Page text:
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Storefront Revolution: Food Co-ops and the Counterculture
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Storefront Revolution: Food Co-ops and the Counterculture

3.5 of 5 stars 3.50  ·  rating details  ·  20 ratings  ·  5 reviews
In the 1960s, the cooperative networks of food stores, restaurants, bakeries, bookstores, and housing alternatives were part counterculture, part social experiment, part economic utopia, and part revolutionary political statement. The co-ops gave activists a place where they could both express themselves and accomplish at least some small-scale changes. But these activists ...more
Paperback, 170 pages
Published August 1st 1994 by Rutgers University Press (first published 1994)
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Christina G
I have talked about this book to at least 3 or 4 people since I read it, which I think speaks well for how interesting the content is. The book covers the history of food co-ops in Minneapolis, and specifically focuses on the war (yup, that's not really an exaggeration) between the Marxists and the hippies. Lots of juicy history including cults, race baiting, hostile takeovers, and more.

I skimmed parts of it, but I'd definitely recommend it if you have an interest in local Minnesota history.
I'm going to give this book a second reading, but probably not for a few months. Basically it details what lead up to and made the year 1976 so volatile in Minneapolis/St. Paul, when a multitude of food co-ops went to war based on domain, theory and practice. Essentially, it was a war between whole foods anarchists and communists that started as debate and ended with beatings, terrorism and fire. A pretty interesting slice of history that i had never heard of before i met someone from the twin c ...more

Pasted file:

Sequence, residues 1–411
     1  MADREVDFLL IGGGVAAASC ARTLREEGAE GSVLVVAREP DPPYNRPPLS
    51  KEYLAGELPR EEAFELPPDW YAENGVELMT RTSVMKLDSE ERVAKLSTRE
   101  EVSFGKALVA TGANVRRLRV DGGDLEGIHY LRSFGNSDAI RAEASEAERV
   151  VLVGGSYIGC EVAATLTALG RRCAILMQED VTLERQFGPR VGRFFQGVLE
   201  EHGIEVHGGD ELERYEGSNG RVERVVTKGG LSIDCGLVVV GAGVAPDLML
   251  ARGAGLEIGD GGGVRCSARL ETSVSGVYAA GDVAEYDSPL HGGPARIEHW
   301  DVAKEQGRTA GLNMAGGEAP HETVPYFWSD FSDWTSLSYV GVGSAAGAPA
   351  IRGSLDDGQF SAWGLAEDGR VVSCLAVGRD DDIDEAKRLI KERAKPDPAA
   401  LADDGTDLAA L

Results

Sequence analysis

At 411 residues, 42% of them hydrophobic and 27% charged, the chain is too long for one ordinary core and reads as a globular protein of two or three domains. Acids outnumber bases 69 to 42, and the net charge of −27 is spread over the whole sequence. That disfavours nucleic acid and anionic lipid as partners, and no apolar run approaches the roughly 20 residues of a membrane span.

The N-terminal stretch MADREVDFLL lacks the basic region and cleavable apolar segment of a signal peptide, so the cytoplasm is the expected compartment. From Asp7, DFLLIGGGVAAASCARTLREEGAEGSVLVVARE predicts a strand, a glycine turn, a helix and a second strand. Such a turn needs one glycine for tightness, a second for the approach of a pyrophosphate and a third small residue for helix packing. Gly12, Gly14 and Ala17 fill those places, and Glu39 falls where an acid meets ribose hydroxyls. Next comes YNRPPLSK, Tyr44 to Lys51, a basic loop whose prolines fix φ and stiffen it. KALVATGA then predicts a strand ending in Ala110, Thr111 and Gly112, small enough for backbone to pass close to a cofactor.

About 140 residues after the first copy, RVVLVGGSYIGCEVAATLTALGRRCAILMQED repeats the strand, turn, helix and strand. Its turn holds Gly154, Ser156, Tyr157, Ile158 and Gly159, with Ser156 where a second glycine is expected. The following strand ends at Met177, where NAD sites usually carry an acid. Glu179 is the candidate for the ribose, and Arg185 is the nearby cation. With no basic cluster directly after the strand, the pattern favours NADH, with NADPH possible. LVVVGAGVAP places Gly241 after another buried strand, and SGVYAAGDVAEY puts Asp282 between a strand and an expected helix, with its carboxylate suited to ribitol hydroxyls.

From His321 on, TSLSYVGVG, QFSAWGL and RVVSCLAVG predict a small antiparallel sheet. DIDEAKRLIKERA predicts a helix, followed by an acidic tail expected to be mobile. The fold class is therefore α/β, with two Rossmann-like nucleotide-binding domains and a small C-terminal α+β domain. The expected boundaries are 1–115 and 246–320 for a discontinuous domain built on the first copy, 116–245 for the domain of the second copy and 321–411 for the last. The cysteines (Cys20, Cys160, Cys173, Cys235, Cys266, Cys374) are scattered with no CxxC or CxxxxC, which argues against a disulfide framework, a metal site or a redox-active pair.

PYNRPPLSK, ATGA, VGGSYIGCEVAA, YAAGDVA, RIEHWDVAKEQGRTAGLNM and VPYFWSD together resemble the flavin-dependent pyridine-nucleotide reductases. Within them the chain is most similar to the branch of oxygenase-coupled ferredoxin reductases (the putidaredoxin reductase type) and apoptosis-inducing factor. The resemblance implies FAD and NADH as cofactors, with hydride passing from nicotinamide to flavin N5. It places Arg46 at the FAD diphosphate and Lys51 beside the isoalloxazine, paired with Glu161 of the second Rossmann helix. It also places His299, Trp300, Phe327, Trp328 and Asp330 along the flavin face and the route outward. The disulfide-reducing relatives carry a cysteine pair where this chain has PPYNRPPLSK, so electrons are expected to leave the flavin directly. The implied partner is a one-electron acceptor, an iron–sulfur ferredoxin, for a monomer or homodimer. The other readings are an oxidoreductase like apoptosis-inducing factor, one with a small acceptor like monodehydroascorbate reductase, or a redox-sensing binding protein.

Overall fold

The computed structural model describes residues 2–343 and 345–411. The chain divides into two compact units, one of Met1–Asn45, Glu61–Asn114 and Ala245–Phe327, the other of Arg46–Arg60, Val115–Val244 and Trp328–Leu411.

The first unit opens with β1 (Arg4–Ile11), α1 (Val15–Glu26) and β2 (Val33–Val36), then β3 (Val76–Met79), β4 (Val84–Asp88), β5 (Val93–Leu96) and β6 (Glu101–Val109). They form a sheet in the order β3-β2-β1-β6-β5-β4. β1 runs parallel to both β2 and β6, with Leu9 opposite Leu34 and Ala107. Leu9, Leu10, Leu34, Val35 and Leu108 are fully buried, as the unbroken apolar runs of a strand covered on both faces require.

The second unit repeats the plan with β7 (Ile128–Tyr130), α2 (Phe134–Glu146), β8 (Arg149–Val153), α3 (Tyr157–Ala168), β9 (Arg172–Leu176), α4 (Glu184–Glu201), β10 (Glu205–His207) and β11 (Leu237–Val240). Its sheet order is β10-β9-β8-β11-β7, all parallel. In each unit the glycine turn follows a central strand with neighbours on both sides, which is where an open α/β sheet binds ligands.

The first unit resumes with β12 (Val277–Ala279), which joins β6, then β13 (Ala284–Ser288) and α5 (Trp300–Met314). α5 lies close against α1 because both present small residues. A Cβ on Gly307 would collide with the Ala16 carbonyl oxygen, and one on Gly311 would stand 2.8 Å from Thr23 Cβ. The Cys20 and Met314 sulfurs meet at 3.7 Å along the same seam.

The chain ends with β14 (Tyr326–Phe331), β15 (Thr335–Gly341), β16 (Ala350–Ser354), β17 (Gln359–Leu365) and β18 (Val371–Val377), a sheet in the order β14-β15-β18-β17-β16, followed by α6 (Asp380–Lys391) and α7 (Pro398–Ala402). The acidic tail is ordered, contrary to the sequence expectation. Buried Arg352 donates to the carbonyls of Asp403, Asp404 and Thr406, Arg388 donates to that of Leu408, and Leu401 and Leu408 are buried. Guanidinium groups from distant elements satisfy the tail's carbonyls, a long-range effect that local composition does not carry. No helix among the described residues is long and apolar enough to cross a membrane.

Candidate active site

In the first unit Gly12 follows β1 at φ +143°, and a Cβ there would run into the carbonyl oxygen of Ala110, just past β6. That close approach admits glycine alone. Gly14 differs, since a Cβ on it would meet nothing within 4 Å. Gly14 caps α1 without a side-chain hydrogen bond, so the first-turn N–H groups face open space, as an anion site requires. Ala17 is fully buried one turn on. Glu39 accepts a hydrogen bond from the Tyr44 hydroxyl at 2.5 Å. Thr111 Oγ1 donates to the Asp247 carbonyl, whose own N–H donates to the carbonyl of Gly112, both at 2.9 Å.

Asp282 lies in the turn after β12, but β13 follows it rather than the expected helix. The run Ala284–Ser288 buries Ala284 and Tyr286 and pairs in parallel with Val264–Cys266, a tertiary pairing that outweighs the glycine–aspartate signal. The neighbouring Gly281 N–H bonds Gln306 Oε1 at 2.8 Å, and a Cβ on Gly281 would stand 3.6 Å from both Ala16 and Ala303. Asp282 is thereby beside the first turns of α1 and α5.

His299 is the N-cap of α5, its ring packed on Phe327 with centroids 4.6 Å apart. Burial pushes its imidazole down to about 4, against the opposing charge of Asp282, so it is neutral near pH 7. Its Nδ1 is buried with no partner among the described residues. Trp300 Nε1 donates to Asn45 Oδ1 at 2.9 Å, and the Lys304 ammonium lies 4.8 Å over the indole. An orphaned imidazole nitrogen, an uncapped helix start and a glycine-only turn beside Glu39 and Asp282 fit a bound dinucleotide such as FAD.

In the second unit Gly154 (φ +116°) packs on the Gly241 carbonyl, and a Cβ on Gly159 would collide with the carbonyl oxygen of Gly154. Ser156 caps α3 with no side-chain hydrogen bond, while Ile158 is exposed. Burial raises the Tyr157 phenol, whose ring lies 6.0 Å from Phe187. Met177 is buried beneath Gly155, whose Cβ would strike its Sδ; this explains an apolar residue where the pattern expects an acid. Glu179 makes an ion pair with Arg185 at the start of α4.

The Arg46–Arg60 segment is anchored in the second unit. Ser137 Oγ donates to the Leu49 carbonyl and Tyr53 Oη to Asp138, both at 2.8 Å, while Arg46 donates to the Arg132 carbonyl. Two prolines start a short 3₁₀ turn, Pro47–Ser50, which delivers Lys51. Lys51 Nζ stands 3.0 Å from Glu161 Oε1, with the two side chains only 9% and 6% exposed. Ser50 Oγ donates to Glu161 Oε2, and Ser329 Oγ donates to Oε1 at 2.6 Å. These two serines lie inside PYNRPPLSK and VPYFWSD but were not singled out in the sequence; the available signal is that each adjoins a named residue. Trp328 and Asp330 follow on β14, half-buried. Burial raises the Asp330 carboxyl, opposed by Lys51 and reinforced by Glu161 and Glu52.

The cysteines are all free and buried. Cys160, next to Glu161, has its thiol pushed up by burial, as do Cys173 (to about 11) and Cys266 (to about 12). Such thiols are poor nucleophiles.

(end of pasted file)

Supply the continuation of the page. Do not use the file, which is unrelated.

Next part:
Aug 08, 2014 Kate rated it 3 of 5 stars
Recommends it for: North Countrymen
Recommended to Kate by: Robert Roscoe
"Like any countercultural trend of the time, co-ops attracted an army of self-obsessed troops, eager to do battle with the established way of doing things--so long as their curiosity held out."

"If your aim is community control of the storefront, then in most cases you'd be hypocritical not to sell shit food. Unless it's all changed since yesterday, that's what most of America eats."
Good coverage of the Twin Cities cooperative scene of yore. Numerous people who were covered in the book, or participated in the movement at the time, have mentioned factual errors in the book. But, I still think this is a good start for investigating Twin Cities cooperatives and understanding one factor that led to a later centralization of management in the grocery cooperative sector.
Interesting topic, poorly written. Alas. First half is dogma, philosophy and pamphleteering. The author was personally involved in the proceedings and doesn't feel the need to provide more back story to those of us who weren't there in the '70s.
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